"...We must be clear that we cannot understand the Bible the way our ancestors did, and that there is as much for the world to learn from western biblical study as there is from any other western technology. This is not to claim the corner on all biblical truth, but it is to say that we have learned what we have learned, and that we have much to share."
These comments are a prime example of what C.S. Lewis called "chronological snobbery." According to Lewis, this is "the uncritical acceptance of the intellectual climate common to your own age and the assumption that whatever has gone out of date is on that account discredited” (Surprised by Joy).
The sudden changes in American sexual morality in the last few decades are simply a manifestation of an urge (stronger in our country than in some others) to race forward into a brave new world of our own making. The morality of past ages--even if thoroughly Biblical--need hold us back no more than Ptolemaic cosmology or Aristotlean medical theory held back the scientific advances of the modern age. Hollywood gave us a major motion picture this year, Kinsey, in which the scientist hero is devoted to nothing less than a revolution. The limits of religiously-based sexual morality only hold back human potential, Kinsey believed. The new world will dawn if only we can throw off these old-fashioned restrictions. But why do we have this never-ending urge to throw off the past and make the world anew?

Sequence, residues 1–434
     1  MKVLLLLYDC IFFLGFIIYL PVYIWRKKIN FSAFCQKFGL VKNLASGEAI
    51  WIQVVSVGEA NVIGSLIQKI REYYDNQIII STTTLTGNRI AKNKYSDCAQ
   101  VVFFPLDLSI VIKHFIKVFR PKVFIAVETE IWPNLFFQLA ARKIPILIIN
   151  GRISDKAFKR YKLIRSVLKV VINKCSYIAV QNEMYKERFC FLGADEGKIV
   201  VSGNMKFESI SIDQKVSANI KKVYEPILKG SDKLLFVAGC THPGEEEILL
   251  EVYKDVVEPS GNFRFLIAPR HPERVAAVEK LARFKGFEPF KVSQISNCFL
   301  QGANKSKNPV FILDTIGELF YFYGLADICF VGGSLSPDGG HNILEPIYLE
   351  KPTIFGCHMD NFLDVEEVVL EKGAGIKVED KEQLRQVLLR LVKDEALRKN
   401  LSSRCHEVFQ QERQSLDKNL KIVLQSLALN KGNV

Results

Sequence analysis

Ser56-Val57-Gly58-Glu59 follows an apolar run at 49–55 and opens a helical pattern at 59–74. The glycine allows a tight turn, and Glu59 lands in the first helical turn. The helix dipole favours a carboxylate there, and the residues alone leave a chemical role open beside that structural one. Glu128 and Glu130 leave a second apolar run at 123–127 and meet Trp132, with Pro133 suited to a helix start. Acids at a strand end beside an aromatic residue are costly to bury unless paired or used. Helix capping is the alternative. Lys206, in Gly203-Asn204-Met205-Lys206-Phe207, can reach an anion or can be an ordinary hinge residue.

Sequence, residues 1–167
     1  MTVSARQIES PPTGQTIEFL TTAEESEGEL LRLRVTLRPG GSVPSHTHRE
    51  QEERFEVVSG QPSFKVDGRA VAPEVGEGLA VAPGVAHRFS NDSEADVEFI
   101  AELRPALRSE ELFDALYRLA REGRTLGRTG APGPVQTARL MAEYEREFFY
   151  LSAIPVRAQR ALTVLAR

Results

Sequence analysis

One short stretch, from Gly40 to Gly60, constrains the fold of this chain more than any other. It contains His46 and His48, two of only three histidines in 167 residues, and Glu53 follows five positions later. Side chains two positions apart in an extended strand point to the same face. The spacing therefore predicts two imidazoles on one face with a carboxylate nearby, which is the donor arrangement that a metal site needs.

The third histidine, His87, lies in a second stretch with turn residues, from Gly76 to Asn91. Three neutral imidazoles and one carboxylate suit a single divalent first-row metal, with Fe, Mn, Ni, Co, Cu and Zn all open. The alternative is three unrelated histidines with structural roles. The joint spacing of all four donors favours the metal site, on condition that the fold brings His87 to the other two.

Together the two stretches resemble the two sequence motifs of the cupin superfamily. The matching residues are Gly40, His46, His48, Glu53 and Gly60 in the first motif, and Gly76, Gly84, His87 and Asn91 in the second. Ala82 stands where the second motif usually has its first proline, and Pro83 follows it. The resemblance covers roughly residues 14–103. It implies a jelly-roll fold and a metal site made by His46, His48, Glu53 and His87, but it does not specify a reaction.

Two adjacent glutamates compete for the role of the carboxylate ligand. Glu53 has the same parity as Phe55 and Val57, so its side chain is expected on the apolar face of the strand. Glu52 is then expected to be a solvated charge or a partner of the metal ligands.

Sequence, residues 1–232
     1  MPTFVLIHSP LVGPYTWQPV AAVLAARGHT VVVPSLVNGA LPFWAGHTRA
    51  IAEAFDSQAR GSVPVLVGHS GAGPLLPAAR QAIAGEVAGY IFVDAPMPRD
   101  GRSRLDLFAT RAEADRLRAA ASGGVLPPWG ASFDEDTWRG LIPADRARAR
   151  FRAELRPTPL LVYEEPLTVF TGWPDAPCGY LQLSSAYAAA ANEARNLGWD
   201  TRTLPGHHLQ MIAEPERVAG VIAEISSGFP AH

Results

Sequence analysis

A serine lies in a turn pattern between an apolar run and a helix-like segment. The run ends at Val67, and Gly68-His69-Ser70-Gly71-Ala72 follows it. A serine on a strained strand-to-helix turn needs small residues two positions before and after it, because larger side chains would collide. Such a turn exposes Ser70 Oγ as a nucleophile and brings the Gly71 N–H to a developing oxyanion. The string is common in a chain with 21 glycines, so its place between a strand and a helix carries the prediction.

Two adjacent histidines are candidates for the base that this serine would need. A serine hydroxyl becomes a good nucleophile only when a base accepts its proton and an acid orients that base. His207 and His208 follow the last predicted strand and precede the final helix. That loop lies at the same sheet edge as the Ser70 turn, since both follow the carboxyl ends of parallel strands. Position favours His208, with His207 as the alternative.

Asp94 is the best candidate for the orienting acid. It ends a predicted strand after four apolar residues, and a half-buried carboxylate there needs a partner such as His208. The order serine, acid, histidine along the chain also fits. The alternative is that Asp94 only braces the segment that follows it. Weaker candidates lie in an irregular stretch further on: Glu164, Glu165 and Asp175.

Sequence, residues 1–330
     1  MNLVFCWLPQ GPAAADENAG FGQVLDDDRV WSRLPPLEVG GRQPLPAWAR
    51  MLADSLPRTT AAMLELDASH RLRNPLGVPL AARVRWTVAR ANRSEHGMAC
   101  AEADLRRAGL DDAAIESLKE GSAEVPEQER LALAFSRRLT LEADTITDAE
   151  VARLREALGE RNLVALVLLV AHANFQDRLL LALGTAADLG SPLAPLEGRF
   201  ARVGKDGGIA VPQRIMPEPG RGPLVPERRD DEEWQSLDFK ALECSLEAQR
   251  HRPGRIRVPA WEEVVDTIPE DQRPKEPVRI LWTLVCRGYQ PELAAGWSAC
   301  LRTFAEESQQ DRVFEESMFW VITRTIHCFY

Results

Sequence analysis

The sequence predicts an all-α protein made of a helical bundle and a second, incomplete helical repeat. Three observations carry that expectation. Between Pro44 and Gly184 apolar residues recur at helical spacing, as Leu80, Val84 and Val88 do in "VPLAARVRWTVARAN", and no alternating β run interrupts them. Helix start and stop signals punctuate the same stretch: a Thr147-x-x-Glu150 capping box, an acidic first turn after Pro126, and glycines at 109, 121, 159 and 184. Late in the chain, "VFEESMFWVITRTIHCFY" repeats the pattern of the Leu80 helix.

G.K. Chesterton felt this discrediting of the past was motivated by a fear of the past. We lunge forward into the future because the past makes our present feel small and weak in comparison. "The future is a refuge from the fierce competition of our forefathers. The older generation, not the younger, is knocking at the door. It is agreeable to escape, as Henley said, into the Street of By-and-Bye, where stands the Hostelry of Never. It is pleasant to play with children, especially unborn children. The future is a blank wall on which every man can write his own name as large as he likes; the past I find already covered with illegible scribbles, such as Plato, Isaiah, Shakespeare, Michael Angelo, Napoleon. I can make the future as narrow as myself; the past is obliged to be as broad and turbulent as humanity. And the upshot of this modern attitude is really this; that men invent new ideals because they dare not attempt old ideals. They look forward with enthusiasm, because they are afraid to look back." (What's Wrong with the World, p. 30)